More shocking is that the university’s explanatory sign claims the artist’s donated collection “cherishes humanistic and democratic traditions.” The absence of these and many other antisemitic and homophobic envelopes from this specific exhibition does not negate their existence in the corpus of the same artist’s work, their past public display in the city’s main post office, or their present easy availability on the internet. It is almost too elementary to be debating about. Imagine a racist in the UK or US who had produced and sold many racist works then having an exhibition of his other stuff at any university library in the land. Imagine that university library putting then putting up this pathetic sign testifying that the works actually donated by this person are part of a collection that “cherishes humanistic and democratic traditions.”
More shocking still is the ongoing silence of the university’s Yiddish institute a moment away. The VYI (Vilnius Yiddish Institute) was founded in 2001 to preserve the remnants of the language and culture of Lithuanian Jews destroyed in the Holocaust. In 2010 it was purged of Jewish academic staff who disagreed with the state’s policies on Holocaust issues and antisemitism.
There is a plaque on its wall honoring the chairman of its board of American backers, Richard Maullin of Santa Monica, California. Dr. Maullin had “purchased the shares” of the Yiddish institute in 2005, for US $25,000, from one of its co-founders, Mendy Cahan of Tel Aviv. Dr. Maullin, a founder-partner of Fairbank Maslin (FM3) lists his Yiddish institute leadership on the FM3 website. He was recently re-appointed by Governor Jerry Brown to the California Independent System Operator Board of Governors. Meanwhile, the Yiddish institute’s American board still has three other members: Dr. Daniel Berg of Bloomington, Indiana; Tina Lunson of the Washington D.C. area; and Dan Opatoshu of Sherman Oaks, California. The rest of the original board resigned on principle in 2009-2010 after Dr. Maullin acquiesced in the right-wing Lithuanian government’s campaign to quash dissent on prosecution attempts by the state against Holocaust survivors who joined the anti-Nazi resistance. Dr. Maullin and his partner Natasha Yatskevich, a leading official at a state museum in Minsk, Belarus, are regularly honored by VIP level attention during visits to Vilnius University.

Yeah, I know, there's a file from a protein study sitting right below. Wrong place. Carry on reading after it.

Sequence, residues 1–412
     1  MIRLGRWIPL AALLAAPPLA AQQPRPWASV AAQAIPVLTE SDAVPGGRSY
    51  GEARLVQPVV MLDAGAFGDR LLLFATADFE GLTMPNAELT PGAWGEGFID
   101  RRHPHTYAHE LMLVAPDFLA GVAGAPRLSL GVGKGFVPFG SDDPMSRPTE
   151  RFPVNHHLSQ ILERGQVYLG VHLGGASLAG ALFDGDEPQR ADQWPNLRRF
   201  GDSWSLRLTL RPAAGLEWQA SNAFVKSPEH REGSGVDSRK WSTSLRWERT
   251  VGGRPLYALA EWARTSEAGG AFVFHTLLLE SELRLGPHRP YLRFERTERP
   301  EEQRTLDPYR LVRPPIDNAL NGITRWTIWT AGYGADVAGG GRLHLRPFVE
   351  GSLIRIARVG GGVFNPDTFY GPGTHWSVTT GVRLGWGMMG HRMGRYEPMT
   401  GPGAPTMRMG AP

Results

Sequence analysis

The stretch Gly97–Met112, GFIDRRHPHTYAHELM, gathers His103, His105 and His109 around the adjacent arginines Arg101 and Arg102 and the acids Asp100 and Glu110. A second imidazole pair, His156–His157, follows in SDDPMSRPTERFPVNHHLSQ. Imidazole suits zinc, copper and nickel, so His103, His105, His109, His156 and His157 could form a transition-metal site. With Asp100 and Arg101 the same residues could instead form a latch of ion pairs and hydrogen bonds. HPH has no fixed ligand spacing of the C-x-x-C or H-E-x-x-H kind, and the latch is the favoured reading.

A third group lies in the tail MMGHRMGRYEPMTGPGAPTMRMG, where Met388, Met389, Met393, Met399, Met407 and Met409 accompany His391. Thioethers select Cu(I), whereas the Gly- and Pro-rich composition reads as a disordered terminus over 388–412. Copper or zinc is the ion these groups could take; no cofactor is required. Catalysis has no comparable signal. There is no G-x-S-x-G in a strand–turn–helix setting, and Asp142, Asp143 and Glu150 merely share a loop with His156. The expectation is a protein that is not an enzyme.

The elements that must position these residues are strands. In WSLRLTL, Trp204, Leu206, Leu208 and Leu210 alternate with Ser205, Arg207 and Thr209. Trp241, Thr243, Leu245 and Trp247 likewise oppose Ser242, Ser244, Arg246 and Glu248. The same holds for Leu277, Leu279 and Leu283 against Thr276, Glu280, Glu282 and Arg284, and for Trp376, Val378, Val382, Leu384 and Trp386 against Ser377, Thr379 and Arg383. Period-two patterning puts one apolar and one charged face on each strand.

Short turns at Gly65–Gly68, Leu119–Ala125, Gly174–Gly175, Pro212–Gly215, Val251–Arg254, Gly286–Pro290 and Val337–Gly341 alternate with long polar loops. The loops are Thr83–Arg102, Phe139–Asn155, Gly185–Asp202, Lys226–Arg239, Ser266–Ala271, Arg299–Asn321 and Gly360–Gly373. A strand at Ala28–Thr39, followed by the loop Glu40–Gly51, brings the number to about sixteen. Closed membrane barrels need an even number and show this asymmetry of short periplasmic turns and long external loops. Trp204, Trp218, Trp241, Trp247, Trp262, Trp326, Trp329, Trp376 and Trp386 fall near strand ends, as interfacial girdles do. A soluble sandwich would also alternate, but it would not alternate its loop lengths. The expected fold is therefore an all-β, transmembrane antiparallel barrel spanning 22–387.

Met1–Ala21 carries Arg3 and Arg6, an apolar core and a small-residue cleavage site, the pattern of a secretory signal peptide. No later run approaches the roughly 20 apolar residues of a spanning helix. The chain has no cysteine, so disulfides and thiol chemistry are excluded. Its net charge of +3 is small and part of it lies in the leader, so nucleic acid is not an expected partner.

The current, non-Yiddish-speaking director of the Yiddish institute is also the dean of the school of international affairs and diplomacy at the country’s second university, Vytautas Magnus, in Kaunas. The naming of a lecture hall there honoring the 1941 Nazi puppet prime minister is currently the headline item of an international Change.org petition protesting the adulation of Nazi collaborators by state institutions. Dr. Maullin’s Vilnius University “Yiddish director” is frequently sent by the Lithuanian government to pursue the nationalist agenda far and wide (e.g. Astana, Jerusalem and London).
Then there is the silence of Indiana University’s Borns Jewish studies program, which props up the illusion of year-round Yiddish studies at Vilnius University by way of a lucrative one-month summer course. Ironically, the Borns program, in Bloomington, Indiana, is home to the Institute for the Study of Contemporary Antisemitism. Silence. Why? Critics speculate that speaking out could endanger the continuation of junkets, honors, and pleasure-filled stays in Vilnius’s charming old town.
Hopefully these Americans of great accomplishment, all living in the United States, where disagreement with Lithuanian state policies will not endanger their careers or incomes, will in their own way find the courage to follow the inspiring example set by today’s nine young demonstrators here in Vilnius who have put at risk their own career prospects by providing nine gallant, if lonely, voices of dignity in a sea of silence.